Post-Election Audit Report: Incremental Improvement – New Integrity Concern

Full Report, Press Release etc.<Audit Coalition Post>

Summary, from the Press Release and Report:

Coalition Finds Small Improvements and New Problem in
Connecticut Post-Election Audits

Citizen observation and analysis shows some improvements along with a newly uncovered problem with the random selection process

This is the sixth major post-election audit observation report by the Coalition since the adoption of optical scanners and paper ballots statewide.

Coalition Executive Director, Luther Weeks noted, “Unfortunately, we discovered that the list of polling districts for the random audit drawing was missing some districts and is otherwise inaccurate and ambiguous.  The integrity of the audit requires an accurate list of districts that is verifiable by the public. We have extended our recommendations to the Legislature to include an efficient fix to this problem.”

League of Women Voters of Connecticut President, Cheryl Dunson said: “Compared to previous audits, the Coalition noted continuing incremental improvements in the attention to detail, following procedures, and in the chain-of-custody by election officials. We caution that the primary audit is simpler and shorter than those for November elections which may account much more accurate counting this time.”

We conclude that August post-election audits still do not inspire confidence because of:

  • failure in the integrity of the random district selection process,
  • lack of standards for determining need for further investigation of discrepancies,
  • weaknesses in the ballot chain of custody, and
  • lack of, consistency, reliability, and transparency in the conduct of the audit.

Each of these items individually could impact the integrity of the statewide post-election audit and calls into question the credibility of the entire post-election audit.

Although most of our general observations and concerns remain, we observed improvements in following audit procedures, in the accuracy of the counting, and in the completion of forms.

Connecticut Citizen Action Group Executive Director, Tom Swan said, “The integrity of the entire audit is dependent the ballot chain-of-custody and on every step of the audit being accurately accomplished in a consistent, transparent, and professional manner. We continue to support our past recommendations to the Secretary of the State and the Legislature for improvement in the post-election audit laws, counting procedures, and chain-of-custody.”

Weeks added, “We look forward to the post-election audit of the November election. We hope to see significant improvement in following procedures along with more accurate counting, demonstrated in the November post-election audit which will involve more extensive, complex counting. ”

Observers came from the membership ranks of the coalition partners – The League of Women Voters of Connecticut, The Connecticut Citizen Action Group, Common Cause Connecticut, and Connecticut Voters Count. Without volunteer observers, nobody but a small number of local election officials would know what happens in post-election audits.

New Overall Audit Integrity Concern

A new concern surfacing this year is the inaccurate list of districts used in the random selection process which is required by law to be based on all of the districts used in the election. This directly impacts the integrity and credibility of the entire post-election audit.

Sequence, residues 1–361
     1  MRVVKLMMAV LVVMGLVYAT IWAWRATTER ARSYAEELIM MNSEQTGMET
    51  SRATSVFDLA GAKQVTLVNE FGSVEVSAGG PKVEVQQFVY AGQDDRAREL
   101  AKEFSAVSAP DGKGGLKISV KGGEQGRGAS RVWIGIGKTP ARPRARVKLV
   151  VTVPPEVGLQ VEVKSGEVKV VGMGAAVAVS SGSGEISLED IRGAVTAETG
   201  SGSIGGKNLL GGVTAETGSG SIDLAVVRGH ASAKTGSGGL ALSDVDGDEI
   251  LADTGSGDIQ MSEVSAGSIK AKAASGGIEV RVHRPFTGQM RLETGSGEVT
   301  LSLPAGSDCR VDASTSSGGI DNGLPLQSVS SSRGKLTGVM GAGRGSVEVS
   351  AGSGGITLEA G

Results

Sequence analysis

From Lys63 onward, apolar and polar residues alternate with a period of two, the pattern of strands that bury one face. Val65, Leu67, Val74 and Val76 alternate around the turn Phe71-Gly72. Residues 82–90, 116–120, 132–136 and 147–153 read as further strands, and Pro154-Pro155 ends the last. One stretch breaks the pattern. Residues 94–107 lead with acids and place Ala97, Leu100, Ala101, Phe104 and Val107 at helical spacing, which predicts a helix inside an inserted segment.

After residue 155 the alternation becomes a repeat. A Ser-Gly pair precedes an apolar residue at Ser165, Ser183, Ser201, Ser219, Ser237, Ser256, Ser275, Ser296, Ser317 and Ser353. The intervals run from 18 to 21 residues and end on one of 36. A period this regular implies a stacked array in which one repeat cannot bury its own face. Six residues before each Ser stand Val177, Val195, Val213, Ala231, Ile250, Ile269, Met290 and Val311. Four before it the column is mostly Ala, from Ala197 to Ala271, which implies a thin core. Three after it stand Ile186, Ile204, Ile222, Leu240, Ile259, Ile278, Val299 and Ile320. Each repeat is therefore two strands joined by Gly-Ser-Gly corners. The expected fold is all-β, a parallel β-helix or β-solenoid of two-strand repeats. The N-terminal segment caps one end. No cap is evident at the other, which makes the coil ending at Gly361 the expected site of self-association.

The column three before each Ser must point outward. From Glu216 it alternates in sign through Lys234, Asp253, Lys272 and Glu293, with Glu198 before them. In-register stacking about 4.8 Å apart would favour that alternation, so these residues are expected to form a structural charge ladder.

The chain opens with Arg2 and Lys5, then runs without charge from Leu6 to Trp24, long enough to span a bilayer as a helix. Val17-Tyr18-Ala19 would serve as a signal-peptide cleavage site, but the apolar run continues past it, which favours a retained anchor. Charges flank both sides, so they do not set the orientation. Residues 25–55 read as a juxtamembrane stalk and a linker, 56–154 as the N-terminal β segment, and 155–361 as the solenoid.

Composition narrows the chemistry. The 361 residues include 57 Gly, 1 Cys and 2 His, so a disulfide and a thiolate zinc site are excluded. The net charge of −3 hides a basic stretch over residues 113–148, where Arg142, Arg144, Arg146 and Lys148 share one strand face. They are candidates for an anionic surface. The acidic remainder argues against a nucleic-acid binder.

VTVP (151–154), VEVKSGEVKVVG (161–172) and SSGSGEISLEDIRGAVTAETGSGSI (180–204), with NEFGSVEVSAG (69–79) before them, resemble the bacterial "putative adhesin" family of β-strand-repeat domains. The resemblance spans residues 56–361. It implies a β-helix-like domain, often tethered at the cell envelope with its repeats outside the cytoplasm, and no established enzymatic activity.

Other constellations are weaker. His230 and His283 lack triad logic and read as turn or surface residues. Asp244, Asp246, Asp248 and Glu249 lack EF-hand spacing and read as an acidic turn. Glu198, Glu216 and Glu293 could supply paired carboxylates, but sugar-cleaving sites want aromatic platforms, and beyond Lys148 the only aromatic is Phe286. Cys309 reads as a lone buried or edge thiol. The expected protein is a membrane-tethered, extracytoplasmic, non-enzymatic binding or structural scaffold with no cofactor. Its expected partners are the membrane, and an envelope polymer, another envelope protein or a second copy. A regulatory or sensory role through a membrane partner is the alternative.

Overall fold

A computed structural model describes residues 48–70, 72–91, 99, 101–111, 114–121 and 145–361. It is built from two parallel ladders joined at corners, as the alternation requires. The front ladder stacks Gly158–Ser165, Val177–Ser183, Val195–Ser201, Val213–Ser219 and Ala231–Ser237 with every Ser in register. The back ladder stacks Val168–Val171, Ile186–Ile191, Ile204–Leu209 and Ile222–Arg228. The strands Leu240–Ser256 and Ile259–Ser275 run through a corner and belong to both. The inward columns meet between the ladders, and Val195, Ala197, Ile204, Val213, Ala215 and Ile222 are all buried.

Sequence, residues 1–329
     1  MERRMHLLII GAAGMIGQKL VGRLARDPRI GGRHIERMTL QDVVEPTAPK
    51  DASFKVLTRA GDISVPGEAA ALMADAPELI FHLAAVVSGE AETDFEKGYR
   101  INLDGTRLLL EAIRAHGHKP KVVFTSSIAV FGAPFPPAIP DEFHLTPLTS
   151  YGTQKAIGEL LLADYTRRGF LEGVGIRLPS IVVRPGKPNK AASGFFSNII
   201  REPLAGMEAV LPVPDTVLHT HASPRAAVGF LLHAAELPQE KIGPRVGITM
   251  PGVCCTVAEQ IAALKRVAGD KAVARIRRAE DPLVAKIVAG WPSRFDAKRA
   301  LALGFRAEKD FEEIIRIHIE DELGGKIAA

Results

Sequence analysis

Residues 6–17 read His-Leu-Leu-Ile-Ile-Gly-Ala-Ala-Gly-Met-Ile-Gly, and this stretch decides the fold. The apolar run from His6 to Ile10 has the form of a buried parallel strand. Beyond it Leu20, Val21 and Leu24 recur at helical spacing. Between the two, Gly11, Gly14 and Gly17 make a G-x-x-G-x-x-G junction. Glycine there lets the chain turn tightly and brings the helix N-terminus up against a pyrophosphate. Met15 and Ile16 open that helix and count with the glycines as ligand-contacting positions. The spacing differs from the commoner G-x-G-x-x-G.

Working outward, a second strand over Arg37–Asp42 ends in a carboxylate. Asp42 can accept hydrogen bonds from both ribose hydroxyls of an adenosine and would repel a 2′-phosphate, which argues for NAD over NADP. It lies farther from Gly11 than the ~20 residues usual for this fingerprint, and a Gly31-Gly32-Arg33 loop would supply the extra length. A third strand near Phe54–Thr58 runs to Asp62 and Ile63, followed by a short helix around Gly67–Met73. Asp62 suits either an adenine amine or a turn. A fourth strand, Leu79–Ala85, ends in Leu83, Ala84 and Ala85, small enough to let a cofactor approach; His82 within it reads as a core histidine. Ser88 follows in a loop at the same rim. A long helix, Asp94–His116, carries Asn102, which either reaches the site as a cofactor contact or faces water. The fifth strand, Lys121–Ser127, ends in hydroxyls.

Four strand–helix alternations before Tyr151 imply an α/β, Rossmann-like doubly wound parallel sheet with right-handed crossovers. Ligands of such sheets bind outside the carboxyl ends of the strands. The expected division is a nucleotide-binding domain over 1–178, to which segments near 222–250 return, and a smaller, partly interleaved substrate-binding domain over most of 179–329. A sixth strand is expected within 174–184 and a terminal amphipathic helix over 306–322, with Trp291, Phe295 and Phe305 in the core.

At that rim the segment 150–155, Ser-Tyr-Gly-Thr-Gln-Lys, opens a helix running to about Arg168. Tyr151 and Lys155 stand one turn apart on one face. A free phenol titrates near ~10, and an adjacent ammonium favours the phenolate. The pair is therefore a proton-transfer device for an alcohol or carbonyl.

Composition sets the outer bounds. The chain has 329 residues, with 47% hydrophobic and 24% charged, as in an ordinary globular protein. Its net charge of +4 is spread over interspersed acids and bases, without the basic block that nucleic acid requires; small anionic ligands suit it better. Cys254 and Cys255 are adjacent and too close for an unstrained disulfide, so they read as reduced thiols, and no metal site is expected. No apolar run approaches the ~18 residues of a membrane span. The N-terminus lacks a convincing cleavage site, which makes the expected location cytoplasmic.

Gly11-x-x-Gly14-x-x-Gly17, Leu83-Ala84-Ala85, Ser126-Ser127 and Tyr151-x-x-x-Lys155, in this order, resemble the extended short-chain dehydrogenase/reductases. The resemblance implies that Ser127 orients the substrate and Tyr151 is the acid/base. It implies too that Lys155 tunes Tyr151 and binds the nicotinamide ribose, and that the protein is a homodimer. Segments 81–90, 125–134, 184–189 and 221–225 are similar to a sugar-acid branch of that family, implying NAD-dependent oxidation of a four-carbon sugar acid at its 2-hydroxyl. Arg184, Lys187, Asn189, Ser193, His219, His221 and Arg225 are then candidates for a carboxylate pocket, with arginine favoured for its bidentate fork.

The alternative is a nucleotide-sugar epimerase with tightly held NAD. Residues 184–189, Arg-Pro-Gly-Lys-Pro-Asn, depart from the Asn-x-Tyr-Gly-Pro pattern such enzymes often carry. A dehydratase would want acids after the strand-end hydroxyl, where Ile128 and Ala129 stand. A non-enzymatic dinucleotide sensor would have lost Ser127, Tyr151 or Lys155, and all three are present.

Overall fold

Issues In Three Towns

Several districts in one town were selected, but in one case in the municipality, the ballot bag contained only blank ballots.  In subsequent discussions with the registrar, she reported that a novice moderator in a multiple district polling place had sealed all voted ballots in one bag and all unused ballots in another bag.  [As far as we know, this district was never counted as was not included in Audit Reports from the Secretary of the State.]

In the one district: The official Audit Report indicates 1703 machine counted ballots but only 688 manually counted ballots counted in the audit. In that same audit report 188 ballots are listed for one party with a total of 254 votes in the race audited for that party. The huge difference may represent poor counting procedures and lack of understanding of the audit procedures, however, we have no way of determining the accuracy of the audit nor of the official reporting of results.  Our observer’s comments:

They never counted the ballots first…One team referenced the Tally Sheet from Election night. They recounted their votes until the figures agreed… Checking was done to the Tally Sheet off the Moderator’s report not the machine tape… I did not observe a machine tape, only the Moderator’s return with the Tally Sheet.   When I asked if they had a machine tape, I was told no by one of the Registrars.    When I asked if there was a tape in the ballot bag, I was told no… I have concern about the number entered on the “LT Gov”

These results may represent incompetence. However, incompetence uninvestigated transparently leaves an opening to cover-up fraud and error. The Secretary of the State’s Office had reviewed district results, yet apparently did not notice these large differences until it was pointed out by the coalition.

In one of the last district reports provided to the Secretary of the State’s Office: In one district in one municipality which audited three districts there was a significant difference between the machine counts in one race and the hand count reported.  For two candidates the machine counted 262 and 154 votes while the hand counts were 132 and 78 votes for those same candidates.

Full Report, Press Release etc.<Audit Coalition Post>

Update from CTNewsJunkie: Questions Raised As State Finishes Post-Primary Audit <read>

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